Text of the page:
I hope this helps.

Author

Commented:
Thanks Fred

There's a lot in this question so to tidy up I'll close this now and link to any side questions that may come out from it.

Thanks all for your contributions and patience.

Author

Commented:
fyi i'll post a few notes on the xls for the record shortly..

Author

Commented:
Hope this makes sense:

Cells: U3:X3
The 4 selected recipes in a meal plan.

Cols U:X
the quantities (in kg) of each ingredient needed for each recipe

Y: qty needed
total quantity (in kg) of ingredient needed to produce all 4 meals in the plan

Z: bucket
the bucket number (from cell B2:F2) relating to qty needed (column Y)

AA: unit price
lookup price from cols I:M, based on bucket (column Z)

Now considering breakeven quantities (as raised by Fred)
A breakeven quantity is a quantity above which it is cheaper to purchase at the next price break point by purchasing excess stock.

AC: b/e bucket
lookup breakeven bucket number from columns O:S, based on qty needed (column Y)

AD: b/e qty
lookup breakeven quantity (kg) from columns O:S (index on bucket number in column AC)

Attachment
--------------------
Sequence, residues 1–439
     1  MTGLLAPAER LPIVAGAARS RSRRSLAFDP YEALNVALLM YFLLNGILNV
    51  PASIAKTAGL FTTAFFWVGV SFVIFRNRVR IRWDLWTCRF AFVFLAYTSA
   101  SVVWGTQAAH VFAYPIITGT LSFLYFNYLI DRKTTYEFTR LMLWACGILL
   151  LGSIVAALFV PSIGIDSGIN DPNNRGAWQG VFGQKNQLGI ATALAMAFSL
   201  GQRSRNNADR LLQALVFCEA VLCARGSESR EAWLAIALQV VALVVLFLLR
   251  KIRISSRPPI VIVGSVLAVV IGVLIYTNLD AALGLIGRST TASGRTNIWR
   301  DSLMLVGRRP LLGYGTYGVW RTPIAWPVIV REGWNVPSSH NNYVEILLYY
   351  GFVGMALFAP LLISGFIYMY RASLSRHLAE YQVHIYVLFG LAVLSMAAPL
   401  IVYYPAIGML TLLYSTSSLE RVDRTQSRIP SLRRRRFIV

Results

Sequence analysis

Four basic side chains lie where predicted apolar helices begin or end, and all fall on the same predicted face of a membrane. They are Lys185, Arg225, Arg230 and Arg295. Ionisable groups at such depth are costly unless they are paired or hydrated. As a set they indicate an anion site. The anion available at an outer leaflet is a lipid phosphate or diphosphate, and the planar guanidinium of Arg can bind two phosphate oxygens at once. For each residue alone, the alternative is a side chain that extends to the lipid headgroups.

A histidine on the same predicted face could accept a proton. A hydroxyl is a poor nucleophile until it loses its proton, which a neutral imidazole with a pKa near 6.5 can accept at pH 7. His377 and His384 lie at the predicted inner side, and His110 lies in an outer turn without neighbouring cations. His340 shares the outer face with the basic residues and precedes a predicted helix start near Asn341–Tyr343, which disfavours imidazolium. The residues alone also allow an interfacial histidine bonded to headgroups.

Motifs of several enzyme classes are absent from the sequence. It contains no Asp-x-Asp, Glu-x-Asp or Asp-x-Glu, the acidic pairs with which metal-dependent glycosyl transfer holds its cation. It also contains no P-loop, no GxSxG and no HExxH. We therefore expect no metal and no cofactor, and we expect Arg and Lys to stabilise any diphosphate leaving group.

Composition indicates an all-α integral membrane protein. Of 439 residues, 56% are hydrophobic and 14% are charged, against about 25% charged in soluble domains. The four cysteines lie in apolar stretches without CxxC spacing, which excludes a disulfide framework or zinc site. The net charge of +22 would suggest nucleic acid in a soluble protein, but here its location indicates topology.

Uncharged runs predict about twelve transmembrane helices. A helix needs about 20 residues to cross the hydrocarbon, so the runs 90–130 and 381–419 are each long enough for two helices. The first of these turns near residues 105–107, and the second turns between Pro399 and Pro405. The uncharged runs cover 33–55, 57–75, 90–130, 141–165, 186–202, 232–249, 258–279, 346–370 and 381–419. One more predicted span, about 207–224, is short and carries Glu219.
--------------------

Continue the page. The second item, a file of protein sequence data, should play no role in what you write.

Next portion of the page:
AE: bucket qty
the price break quantity relating to the break-even bucket number (column AC)
ie. the quantity needed to get the next price break

if the quantity needed (column Y) is above the breakeven quantity (column AD) then purchase the price break quantity (column AE), otherwise purchase the exact quantity needed (column Y)

AG: unit price
the price from columns I:M relating to the breakeven bucket (column AC)

Cell AG2: total cost of meal plan
sumproduct purchase quantity (column AF) and unit price (column AG)

Author

Commented:
AF: buy qty
if the quantity needed (column Y) is above the breakeven quantity (column AD) then purchase the price break quantity (column AE), otherwise purchase the exact quantity needed (column Y)